This project presents an ongoing series of experiments to create connections with phytoplankton and the role these microscopic marine plants have in sequestering carbon for the other inhabitants of this planet.

Phytoplankton are a vital part of the planet’s ecology, absorbing carbon dioxide from the atmosphere through photosynthesis, providing the basis for food webs and forming an intrinsic part of the earth’s carbon cycle. Each year these tiny organisms remove more than 30 billion tonnes of carbon from the atmosphere as well as producing an estimated 70% of the oxygen in the atmosphere, around double that of all the rainforests on earth together. Phytoplankton’s effects are interwoven with the planets ecosystems and without it, the planet would be uninhabitable.

This capacity to absorb carbon dioxide from the atmosphere has made phytoplankton a subject for research into how it can be used to reduce the effects of climate change; from carbon capture and storage systems to producing biofuels.

Planktochrome Experiments makes visible phytoplankton’s interrelationships with the places that we inhabit and its effects on carbon dioxide levels, and creates a space to discuss how expanding beyond exclusively human thinking is vital in reversing anthropogenic climate change


Planktochrome 1.0:

Nanochloropsis plankton culture, sea water, air pump, silica beads, Cozir carbon dioxide sensor, Raspberry Pi computer with camera module, python programming
Situation: A window sill in Whitley Bay, North East UK.

 

Air is bubbled through a culture phytoplankton providing it with Carbon Dioxide (CO2) to photosynthesise. The plankton absorbs the co2 from the air and using the carbon to store energy, grow and reproduce. The activity of the phytoplankton is shared with an audience through an Instagram account, @planktochrome, where daily posts that show the colour of the phytoplankton and the current carbon dioxide level of the air in the apparatus.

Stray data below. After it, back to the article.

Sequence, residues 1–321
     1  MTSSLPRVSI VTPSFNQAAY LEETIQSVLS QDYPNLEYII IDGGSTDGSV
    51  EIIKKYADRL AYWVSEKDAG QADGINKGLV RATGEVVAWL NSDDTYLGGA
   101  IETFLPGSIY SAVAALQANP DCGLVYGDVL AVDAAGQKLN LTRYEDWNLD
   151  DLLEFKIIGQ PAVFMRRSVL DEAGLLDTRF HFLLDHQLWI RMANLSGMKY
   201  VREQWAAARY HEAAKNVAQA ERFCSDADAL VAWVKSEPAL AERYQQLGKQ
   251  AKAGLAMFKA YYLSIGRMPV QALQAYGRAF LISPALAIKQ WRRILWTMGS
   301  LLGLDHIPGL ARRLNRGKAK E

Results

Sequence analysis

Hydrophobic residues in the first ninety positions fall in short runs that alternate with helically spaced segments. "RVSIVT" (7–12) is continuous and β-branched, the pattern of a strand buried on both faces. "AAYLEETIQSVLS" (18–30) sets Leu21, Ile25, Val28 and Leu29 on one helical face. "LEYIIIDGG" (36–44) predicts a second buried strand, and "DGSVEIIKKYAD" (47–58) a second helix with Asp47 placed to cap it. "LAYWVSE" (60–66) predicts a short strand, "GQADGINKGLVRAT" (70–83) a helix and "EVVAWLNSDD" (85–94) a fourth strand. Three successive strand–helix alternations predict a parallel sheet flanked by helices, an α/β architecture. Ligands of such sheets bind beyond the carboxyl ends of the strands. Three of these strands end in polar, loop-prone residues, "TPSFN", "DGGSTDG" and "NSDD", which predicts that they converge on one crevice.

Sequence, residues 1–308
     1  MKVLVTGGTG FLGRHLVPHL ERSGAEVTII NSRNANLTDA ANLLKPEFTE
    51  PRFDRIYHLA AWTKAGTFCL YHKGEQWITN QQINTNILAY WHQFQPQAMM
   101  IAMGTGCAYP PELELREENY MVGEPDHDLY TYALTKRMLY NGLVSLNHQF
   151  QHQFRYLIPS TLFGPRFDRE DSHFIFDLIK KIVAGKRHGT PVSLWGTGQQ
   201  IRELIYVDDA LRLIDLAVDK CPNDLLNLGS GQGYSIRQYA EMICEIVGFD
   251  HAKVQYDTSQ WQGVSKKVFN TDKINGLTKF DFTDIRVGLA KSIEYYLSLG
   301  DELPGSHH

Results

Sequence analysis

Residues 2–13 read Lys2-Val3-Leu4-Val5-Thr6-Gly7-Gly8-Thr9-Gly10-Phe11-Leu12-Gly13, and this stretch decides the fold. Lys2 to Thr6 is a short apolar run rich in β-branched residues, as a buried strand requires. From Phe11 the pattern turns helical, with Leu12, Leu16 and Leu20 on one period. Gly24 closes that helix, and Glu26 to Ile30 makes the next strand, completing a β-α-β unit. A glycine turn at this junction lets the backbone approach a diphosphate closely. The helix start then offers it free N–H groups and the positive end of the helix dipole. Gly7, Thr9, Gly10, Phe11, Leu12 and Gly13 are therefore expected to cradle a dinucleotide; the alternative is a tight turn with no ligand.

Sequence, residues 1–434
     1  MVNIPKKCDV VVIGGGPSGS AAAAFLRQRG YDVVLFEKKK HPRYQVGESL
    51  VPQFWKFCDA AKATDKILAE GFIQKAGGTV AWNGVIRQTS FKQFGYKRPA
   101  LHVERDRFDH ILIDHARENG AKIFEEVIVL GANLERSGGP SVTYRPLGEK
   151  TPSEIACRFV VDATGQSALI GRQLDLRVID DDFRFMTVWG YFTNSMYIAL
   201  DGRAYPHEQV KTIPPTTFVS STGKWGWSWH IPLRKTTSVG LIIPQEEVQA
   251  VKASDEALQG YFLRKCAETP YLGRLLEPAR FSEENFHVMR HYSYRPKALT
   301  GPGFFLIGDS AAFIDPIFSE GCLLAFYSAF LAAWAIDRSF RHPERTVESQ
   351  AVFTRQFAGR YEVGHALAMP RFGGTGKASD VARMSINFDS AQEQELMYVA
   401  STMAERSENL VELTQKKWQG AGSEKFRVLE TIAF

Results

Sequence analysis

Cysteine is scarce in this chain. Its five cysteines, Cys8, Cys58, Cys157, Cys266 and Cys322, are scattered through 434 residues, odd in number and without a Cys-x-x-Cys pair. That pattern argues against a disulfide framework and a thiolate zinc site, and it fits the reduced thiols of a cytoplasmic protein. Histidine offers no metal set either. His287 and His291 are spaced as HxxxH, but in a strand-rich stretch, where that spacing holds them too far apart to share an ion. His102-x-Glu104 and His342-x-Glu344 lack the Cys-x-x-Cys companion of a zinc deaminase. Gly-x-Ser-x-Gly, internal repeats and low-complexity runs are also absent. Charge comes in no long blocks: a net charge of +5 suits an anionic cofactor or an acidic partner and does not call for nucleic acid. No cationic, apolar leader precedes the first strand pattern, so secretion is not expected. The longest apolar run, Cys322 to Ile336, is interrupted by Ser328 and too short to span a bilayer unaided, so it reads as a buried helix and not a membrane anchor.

This experimental apparatus creates a live space that is constantly being formed in which the colour and CO2 levels fluctuate throughout the day with changes in the environmental conditions and the activities of the other inhabitants in the house*.

The resulting data pairs of colour and CO2 level are continually being formed through a complex interweaving of plankton, photosynthesis, changes in sunlight, nutrients in the water, the number of people in the house and the things they are doing. This information has also been captured in daily graphs that are produced that show the changing colour and level of carbon dioxide.

*During the COVID pandemic carbon dioxide levels became a proxy measure for human activity in interior spaces. CO2 monitors were used in classrooms and public places to indicate that fresh air should be introduced and control ventilation systems.

Colour and carbon dioxide data are collected in this experiment throughout the day and the data collated in bar charts that become a record of the plankton’s photosynthesis. It is visible from these graphs that as the sun rises and photosynthesis begins the amount of carbon dioxide in the air decreases and increases again at the end of the day. Other trends of the occupation of the house are visible with a notable peak around 8am that coincides with getting people to school and a similar rise as people return home around 4pm.

Human activity has dramatically increased Atmospheric carbon dioxide levels which now exceed 400 parts per million (ppm) the highest that they have been for 3.6 milllion years. In this apparatus a carbon dioxide sensor monitors the changing levels of carbon dioxide with the growth of phytoplankton and changing environmental conditions

 

 

Future Project Developments: